The 2017 Youth Camera Action Introductory Level 1 and Intermediate Level 2 Summer Camp gave middle schools students aged 11-14 opportunities in developing their camera skills, leadership skills and learning creative strategies while developing a portfolio of images.
Since starting in 2009 in partnership with Family Centre, YCA has reached almost 1,500 students. YCA continues to partner with Family Centre and has, over the years, offered special programmes to Dellwood Middle school, Bermuda High School, and the Sunshine League Foundation, while offering teacher training to the Ministry of Education and Bermuda Union of Teachers.
From August 14-18, 2017, the YCA programme focused on the theme “Photographer as Activist” and students were encouraged to: explore the BNG exhibition Power of Art; various social issues and human rights locally and globally; study photographers and artists as activists; study photojournalism and creative writing; and create independent social projects using the camera as a tool to inspire their creative research processes.
Students were encouraged to select one social issue locally or globally that they were most passionate about to research and study during the week.
Thanks must be given to the following YCA counsellors for their involvement this summer: Ms Rhea Gibbons (YCA Senior Counselor); Junior counsellors Amy Palmer, Seth Malpas, Gabriel Smith, Mia Currin and Nahzai Lee.
If you have any comments or questions about the YCA Programme, please contact BNG education & communication officer Ms Dany Pen at firstname.lastname@example.org or telephone 295-9428.
Topic: water crisis
Hello, my name is Yndi-Amir Lottimore and I am 12 years old. I have two brothers and one sister. I go to Clearwater Middle School and I enjoy riding my bike and playing with my PS4.
I chose this topic because when I go fishing or swimming I see trash and I thought: “Don’t some people get their water from the ocean and with all that trash in the ocean they won’t have any clean water”.
In the YCA Camp, my photography skills helped me to capture my social ideas because I can show everyone what is happening to our number-one need around the world. I decided to do a public questionnaire and I went around town asking people:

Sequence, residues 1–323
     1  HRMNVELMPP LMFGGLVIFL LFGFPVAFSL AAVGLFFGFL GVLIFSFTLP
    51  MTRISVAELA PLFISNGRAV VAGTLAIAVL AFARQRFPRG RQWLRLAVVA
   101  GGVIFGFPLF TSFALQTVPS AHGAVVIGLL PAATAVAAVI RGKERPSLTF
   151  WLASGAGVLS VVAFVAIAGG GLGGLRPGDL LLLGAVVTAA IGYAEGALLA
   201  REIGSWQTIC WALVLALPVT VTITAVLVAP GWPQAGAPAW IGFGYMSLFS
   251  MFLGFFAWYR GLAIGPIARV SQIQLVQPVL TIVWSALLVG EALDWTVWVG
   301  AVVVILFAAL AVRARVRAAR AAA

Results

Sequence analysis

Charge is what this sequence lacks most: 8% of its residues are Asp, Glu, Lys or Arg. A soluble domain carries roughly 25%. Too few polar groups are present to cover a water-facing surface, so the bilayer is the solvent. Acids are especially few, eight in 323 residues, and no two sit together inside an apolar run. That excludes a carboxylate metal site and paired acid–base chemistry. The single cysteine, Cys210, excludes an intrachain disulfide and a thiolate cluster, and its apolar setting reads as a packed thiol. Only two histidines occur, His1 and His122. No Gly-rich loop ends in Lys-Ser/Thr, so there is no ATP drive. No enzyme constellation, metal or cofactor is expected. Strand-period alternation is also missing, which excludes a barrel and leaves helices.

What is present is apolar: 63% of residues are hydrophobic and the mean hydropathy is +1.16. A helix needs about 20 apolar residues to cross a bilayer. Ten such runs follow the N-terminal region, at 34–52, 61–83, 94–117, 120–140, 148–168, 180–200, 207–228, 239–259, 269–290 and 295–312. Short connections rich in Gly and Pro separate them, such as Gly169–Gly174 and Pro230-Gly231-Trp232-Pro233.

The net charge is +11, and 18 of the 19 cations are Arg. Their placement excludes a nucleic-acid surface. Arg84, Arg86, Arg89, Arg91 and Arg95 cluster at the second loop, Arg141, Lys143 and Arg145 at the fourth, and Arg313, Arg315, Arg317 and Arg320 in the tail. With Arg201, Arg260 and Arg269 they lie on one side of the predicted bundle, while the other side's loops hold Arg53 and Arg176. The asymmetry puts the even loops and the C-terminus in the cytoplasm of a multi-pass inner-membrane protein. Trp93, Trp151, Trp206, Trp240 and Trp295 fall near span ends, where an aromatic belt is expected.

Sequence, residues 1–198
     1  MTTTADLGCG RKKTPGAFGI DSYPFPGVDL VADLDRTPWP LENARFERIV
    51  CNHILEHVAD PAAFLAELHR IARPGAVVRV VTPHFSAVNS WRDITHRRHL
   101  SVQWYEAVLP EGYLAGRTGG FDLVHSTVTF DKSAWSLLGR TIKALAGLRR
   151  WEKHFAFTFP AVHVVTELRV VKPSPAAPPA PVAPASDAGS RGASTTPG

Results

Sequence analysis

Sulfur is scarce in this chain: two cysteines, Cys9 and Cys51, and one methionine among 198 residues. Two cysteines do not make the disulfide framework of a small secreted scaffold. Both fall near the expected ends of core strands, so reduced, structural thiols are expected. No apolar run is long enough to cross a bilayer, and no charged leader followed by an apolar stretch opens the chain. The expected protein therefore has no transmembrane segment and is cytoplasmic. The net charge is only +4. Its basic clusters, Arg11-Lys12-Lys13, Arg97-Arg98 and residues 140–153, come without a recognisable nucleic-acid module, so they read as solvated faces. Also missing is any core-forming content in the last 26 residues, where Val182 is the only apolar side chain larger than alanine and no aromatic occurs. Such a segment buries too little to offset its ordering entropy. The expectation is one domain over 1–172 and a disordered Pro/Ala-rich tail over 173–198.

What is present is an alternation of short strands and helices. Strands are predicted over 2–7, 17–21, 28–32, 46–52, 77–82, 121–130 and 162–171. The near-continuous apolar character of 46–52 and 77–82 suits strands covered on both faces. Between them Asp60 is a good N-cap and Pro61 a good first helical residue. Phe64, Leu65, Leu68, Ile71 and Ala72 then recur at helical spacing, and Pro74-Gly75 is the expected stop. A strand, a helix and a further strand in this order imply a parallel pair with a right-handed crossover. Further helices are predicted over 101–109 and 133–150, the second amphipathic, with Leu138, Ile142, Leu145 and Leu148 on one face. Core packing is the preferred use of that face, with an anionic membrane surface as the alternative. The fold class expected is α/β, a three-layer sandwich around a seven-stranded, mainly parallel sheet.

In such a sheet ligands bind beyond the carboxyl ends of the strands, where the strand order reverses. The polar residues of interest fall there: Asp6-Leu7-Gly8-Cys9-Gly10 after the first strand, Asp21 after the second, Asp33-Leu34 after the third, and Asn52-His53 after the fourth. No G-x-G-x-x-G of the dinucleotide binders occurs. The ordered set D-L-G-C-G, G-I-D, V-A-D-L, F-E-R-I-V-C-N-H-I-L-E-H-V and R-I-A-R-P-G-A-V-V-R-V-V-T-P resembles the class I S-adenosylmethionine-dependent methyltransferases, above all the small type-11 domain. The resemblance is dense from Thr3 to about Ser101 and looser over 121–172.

1. What do you think about the pollution in our water?
People replied with: “It’s terrible”, “it’s getting worse” and “pretty bad”.
2. What are ways you know of that we can save water in Bermuda?
People replied “less flushing”, and get “shorter showers”.
3. I then lastly asked, are you aware of the global water crisis?
85% of people said yes and 15% said no.
Fact: For Bermuda, the Sargasso Sea is “the golden rainforest of the ocean”. Within and below this drifting open-ocean habitat are hundreds of species of marine life including juvenile sea turtles, bizarre fishes and colourful shrimps.
— Dr Sylvia Earle
The bad news is that Nasa’s satellites are detecting that our fresh water levels are decreasing. The good news is that we have people making inventions to get clean and drinking water from air or from fog. The ideas I have for a solution is to tell people to stop throwing trash in the ocean, to pick up on the beaches and if you are snorkelling to pick up trash that fell to the bottom of the ocean.
Topic: stop gun violence on our island
Hi, my name is Adore Gibbons and I am 11 years old. I have 3 sisters and 2 brothers and I go to Victor Scott Primary School. I like dancing hip-hop and ballet.
I chose this topic because gun violence is sad. It is killing young Bermudians and robbing them of their future. On July 19, 2017, Jahcari Francis was shot and killed on Upland Street in Devonshire. His murder was gang related and Premier Burt encouraged anyone with information to contact the police or crime-stoppers.
• 7-10 guns have been identified with the murders on the island.
• Guns are often seized in crimes.
• Guns are available to rent at a price to commit murders.
• All victims have been young Black Males.
• Up until June 2016, there have been 28 young men who have been murdered in the community.